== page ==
He lived and he drove according to the absolute duty dictated by the categorical imperative of the necessary non-contradictory eternal movement of the sensuously-intuitive manifold of the temporospatial toroidal perpetually rotating on its axis in infinite opposition to the asphalt. This eternally self-rotating opposition is nothing but the transcendental unity of apperception, which is the fundamental condition for the possibility of the experiencing of objects for the living consciousness, existing as his own act of self-positing, i.e. as the will behind the wheel impelling itself forward by the sheer negativity of its desire manifested as positive force upon this three-dimensional metal trapezium, which in accordance to the natural laws of physics glides frictionlessly by virtue of an underlying tetrad of eternally self-moving, circular unmoved movers upon the discursively-developed concepts of socio-historico-racionative nature¹. The perfectly rational will posits this duty as perfect and inflexible, thus being unable to deviate from this positing of duty as self-determination². The driver neither takes the money nor abstains from violence, for the absolute duty is in maintaining a secure direction for the constant motion of die Räder³. Drive is a film portraying a true Kantian subject. It is a work of the highest aesthetic speculation on the truth of practical reason. On a scale from transcendentally aesthetic to transcendentally apperceptive, I rate it antinomically striving towards the unattainable ground of driving-in-itself.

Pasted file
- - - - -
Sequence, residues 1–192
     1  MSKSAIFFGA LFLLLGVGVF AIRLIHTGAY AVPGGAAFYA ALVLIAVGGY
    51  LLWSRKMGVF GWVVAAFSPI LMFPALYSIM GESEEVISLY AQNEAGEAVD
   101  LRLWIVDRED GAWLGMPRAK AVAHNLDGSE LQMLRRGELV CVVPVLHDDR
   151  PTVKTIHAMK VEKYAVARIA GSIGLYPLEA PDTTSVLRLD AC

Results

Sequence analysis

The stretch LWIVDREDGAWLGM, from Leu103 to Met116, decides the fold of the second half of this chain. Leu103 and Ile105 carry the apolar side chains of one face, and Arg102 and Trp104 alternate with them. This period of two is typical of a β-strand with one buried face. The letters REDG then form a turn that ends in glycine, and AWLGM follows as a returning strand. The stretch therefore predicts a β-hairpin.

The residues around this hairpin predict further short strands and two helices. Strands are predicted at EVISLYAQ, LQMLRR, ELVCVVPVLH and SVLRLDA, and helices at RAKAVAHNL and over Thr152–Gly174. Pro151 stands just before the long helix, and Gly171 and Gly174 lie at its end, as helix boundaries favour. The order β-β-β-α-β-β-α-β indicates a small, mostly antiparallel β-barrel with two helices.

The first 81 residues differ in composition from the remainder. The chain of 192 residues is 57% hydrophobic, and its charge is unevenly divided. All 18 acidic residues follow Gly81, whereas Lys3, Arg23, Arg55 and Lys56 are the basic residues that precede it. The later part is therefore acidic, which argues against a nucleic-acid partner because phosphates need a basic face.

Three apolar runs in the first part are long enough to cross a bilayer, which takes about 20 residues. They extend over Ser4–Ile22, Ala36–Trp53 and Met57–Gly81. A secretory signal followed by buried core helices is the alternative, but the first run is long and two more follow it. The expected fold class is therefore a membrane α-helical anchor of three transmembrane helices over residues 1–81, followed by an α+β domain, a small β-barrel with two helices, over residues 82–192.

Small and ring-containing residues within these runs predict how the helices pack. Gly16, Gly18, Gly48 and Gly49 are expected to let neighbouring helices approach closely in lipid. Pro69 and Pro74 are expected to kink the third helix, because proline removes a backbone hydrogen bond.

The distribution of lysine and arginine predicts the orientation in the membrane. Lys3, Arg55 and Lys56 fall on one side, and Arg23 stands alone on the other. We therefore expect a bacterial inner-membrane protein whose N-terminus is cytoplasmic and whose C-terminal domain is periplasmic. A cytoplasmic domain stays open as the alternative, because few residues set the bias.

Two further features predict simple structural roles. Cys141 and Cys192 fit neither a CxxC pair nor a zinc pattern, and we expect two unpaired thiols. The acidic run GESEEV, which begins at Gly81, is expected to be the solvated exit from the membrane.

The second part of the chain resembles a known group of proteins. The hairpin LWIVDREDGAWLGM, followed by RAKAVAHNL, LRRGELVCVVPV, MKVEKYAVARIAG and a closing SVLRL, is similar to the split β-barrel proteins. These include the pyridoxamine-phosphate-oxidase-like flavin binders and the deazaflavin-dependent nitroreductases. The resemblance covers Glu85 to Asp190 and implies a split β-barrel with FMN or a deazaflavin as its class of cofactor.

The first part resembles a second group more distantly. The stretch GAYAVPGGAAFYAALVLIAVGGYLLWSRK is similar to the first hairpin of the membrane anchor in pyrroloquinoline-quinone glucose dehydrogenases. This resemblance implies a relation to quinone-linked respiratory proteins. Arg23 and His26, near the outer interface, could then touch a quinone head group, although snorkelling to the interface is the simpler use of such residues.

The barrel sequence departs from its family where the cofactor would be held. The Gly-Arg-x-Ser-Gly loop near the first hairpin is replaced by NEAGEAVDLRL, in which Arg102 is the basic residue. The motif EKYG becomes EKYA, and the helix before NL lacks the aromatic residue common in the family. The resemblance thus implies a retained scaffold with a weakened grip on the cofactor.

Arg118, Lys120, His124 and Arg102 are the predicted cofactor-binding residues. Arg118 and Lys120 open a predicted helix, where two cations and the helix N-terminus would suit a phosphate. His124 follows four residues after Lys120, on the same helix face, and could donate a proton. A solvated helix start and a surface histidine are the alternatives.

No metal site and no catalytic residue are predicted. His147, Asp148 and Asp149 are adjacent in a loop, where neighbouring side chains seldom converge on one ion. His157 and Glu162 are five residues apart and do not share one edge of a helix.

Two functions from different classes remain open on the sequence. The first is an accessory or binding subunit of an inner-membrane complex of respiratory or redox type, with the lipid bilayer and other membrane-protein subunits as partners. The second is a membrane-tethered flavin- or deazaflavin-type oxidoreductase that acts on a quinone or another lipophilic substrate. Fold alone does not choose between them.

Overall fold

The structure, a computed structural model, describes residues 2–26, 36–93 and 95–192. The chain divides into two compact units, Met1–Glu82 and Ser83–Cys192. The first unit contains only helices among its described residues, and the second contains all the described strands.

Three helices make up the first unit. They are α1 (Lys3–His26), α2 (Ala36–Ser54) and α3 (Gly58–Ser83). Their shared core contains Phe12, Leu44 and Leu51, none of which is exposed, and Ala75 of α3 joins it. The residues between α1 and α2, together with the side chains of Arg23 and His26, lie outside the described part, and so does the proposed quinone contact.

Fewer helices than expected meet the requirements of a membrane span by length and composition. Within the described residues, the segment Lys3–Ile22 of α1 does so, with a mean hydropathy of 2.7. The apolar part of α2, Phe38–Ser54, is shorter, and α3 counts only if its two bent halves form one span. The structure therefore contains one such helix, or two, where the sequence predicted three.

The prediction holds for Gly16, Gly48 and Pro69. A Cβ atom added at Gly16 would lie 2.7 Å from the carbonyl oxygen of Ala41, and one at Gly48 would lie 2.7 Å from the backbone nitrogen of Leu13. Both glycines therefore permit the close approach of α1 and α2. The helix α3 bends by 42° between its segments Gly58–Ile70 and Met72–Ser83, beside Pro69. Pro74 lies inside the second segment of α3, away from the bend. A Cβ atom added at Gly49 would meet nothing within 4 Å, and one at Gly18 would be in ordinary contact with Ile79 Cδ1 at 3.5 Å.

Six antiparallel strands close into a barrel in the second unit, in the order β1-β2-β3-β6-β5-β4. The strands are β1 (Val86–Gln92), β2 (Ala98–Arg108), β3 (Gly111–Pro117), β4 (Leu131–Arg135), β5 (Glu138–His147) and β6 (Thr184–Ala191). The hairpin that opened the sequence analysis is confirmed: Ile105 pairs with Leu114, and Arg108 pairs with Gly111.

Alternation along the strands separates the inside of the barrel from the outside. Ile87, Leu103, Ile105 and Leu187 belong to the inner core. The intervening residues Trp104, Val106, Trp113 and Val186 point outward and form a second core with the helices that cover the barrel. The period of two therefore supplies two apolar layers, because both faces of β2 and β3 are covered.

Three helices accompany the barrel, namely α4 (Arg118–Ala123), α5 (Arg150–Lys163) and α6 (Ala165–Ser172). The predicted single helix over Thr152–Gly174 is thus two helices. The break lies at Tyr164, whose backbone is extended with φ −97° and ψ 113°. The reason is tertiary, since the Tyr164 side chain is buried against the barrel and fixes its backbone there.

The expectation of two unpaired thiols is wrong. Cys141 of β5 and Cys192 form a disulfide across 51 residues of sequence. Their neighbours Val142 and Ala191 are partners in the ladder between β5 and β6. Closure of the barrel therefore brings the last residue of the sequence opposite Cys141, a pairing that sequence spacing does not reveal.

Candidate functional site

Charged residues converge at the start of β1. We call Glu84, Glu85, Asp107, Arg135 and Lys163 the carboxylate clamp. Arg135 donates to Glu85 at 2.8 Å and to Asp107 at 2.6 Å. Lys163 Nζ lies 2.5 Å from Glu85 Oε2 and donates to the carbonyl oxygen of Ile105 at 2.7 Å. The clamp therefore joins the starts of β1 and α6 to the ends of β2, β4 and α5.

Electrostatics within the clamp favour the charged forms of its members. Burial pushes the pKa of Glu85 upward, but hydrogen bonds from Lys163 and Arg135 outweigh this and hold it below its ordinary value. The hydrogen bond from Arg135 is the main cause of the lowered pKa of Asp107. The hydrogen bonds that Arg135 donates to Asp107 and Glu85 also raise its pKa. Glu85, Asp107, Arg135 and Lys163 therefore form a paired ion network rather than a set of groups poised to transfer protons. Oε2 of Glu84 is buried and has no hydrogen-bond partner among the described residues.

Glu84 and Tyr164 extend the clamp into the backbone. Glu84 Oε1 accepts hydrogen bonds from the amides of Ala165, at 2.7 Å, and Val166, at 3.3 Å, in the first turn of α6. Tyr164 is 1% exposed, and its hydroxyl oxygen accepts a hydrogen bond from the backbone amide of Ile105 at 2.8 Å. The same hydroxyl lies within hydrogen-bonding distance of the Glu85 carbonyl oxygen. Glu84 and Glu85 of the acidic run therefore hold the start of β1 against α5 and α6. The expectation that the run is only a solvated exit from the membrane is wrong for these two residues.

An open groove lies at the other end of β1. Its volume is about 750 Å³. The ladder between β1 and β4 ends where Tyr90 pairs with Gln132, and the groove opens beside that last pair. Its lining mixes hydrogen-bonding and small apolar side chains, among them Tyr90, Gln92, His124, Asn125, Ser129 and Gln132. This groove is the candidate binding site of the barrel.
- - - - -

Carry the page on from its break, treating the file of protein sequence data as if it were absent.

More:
1. Known to us as ‘roads.’
3. cf. Immanuel Kant’s concept of the Ding an sich.